Wargrave Road, Henley
How to avoid traffic chaos
Sir, — I noted the article reporting that remedial work is to be carried out to the up lane of the dual carriageway at Bix, necessitating major diversions (Standard, July 26).
Highways officials have indicated they are going to reduce the down lane to a single carriageway to help cut drivers’ speeds.
So why not simply use the other half of that carriageway as the up lane for traffic? This would surely be much more sensible than causing traffic chaos around South Oxfordshire.
The Bix bypass is, after all, the only length of dual carriageway of any substance between Henley and Oxford, so having vehicles running in opposite directions sharing a carriageway would be no different to the rest of the journey. — Yours faithfully,
Mark P Hatt
Not up to standard...
Sir, — Thanks very much for the piece about the closure of Bix Hill for essential repairs.
It was highly informative, with lots of useful insight into why the repairs had to be done, where the diversions might be etc but just the teensiest, weensiest piece of information was sadly lacking — when?!
If that has yet to be decided, then the article should have said so. On the other hand, if a date has been arranged for the work to start, how about letting us readers in on it? — Yours faithfully,
Hurdlers Green, Watlington
The editor responds: “My apologies to Mr Vernon and other readers. The work will take two weeks and was due to begin on Monday but will now start on August 19.”
Sir, — With reference to Jeremy Paxman’s request for exploding condiment stories (Standard, July 19), I recall a bomb scare at a Celine Dijon concert.
It appears that bangers were found in the mustard and had been planted by two balsamic activists. The police were certainly worth their salt, as they managed to ketchup with the two Daddies at sauce in a flat in Piccalilli.
After a grilling, the bombers admitted buying the explosives on HP from Curry’s. Now realising they were in a pickle and did not relish doing thyme, they submitted a full apology to Miss Dijon, which was presented to her in her French dressing room.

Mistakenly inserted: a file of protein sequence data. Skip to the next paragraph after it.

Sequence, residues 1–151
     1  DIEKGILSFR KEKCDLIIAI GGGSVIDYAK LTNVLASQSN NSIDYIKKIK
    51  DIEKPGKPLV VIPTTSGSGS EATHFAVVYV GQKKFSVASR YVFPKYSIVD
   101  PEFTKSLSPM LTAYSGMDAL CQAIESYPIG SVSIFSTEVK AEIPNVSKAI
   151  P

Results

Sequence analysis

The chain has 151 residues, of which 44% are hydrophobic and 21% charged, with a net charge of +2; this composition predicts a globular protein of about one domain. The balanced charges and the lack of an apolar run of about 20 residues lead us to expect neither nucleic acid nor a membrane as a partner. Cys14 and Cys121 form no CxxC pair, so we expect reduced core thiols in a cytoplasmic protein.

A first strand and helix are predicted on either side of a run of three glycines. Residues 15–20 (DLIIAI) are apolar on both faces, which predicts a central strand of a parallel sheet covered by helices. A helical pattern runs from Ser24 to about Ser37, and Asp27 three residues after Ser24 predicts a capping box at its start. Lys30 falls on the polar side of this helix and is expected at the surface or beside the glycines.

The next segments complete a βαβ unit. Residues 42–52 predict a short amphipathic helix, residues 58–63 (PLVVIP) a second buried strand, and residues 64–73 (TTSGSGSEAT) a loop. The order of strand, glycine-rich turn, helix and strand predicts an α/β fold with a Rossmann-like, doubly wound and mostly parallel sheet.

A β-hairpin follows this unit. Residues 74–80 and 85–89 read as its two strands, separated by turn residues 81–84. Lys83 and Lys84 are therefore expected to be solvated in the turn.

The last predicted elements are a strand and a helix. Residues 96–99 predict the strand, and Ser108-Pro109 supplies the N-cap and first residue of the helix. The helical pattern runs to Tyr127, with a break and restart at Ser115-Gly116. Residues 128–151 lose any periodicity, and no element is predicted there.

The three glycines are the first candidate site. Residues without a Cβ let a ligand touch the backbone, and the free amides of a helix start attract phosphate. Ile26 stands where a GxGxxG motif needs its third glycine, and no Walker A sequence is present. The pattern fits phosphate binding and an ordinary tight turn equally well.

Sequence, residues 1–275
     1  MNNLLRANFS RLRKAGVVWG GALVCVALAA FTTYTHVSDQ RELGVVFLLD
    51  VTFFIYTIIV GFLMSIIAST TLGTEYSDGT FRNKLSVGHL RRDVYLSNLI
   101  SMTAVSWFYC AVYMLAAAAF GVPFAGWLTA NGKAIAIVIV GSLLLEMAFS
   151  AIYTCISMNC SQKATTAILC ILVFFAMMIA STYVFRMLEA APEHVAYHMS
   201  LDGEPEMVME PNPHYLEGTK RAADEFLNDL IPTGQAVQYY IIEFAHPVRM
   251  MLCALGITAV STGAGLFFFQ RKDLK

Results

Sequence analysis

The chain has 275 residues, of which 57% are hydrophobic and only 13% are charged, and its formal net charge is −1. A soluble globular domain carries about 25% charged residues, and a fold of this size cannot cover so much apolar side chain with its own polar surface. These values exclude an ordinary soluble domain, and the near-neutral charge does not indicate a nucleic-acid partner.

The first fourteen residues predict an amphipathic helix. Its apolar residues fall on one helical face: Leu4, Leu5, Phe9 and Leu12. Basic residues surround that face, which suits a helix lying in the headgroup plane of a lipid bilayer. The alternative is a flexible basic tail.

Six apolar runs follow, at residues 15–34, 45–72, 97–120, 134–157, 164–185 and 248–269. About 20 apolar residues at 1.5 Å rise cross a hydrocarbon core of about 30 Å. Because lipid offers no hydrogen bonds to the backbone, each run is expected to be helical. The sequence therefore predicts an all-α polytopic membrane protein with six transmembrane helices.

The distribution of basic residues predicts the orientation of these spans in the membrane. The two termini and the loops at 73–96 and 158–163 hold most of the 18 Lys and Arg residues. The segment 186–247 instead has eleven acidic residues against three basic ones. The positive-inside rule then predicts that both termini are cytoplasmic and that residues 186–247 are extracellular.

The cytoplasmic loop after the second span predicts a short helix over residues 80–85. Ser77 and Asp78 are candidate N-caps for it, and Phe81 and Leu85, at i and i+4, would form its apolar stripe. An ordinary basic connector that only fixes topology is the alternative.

She took it all with a pinch of salt and a great sense of humous. — Yours faithfully,
(alias the Gardeners)
Lighten up, you chaps
Sir, — At last, a man in the Henley area who has a sense of humour! Thank you, Rob Heginbotham (Standard, July 26), I was beginning to think all the men around here have had theirs removed.
Dan Robinson’s reporting of the incident had undertones of the Goon Show and exploding rhubarb chutney is certainly a recipe we would have found in Bluebottle’s cook book!
A unique incident, thankfully not serious, was reported as a bit of summer fun — meant to put a smile on people’s faces.
Follow Rob’s example and lighten up, chaps! — Yours faithfully,
Homelands Way, Henley
Wonderful help from Pc
Sir, — I would like to say a big thank-you to two wonderful people.
I lost/had pinched my wife’s Dunhill Londinium silver watch and bracelet on Monday.
Thanks to a really nice and helpful (attractive) lady police officer for coming to see me on Tuesday lunchtime, “when the station was closed”, I managed to recover the watch and bracelet.
Please can I thank the officer for her wonderful help, out of hours, and also, whoever most kindly handed in the watch and bracelet to the police station. — Yours faithfully,
Streets like in a Third World country
Sir, — I was horrified at the state of the pavements in our town centre after Henley Royal Regatta and felt sure that something would be done about it before the Henley Festival but, no, they were still a disgrace.
This picture was taken on Wednesday morning last week in the main square but it was equally as bad outside the Catherine Wheel in Hart Street, where there were pools of dried sick.
It looked like a Third World country — is this really the impression we want to give to our visitors?
Needless to say, it is equally as unpleasant for the residents of Henley. — Yours faithfully,
Nimby, the dragon of Drawback Hill
Sir, — Your readers might be interested to learn that I was awoken on Saturday morning by the arrival of the Nimby, the fire-breathing Dragon of Drawback Hill!
“The Nimby”, as it is affectionately known by local residents, is so called because it tries to avoid inadvertent landings in back yards.
Conceivably, it feels less than comfortable in the company of our two cats, more in kinship with the happy and contented rabbit colony that resides in the hollow of the field behind my house. The rabbits can often be seen looking out for the arrival of the Dragon, which is reputed to share its time between this magical spot and another, Watership Down, although this has never been proven because, of course, the Dragon of Drawback Hill becomes instantly invisible the moment you set eyes on it! — Yours faithfully,
Blandy Road, Henley
The same field inspried me to paint it
Sir, — Victoria Page is not the only person inspired to record the field behind Upper Thames Rowing Club (Standard, July 26).
I have painted views of the field several times over the last couple of years. My work is available through the Barry Keene Gallery in Thames Side, Henley. — Yours faithfully,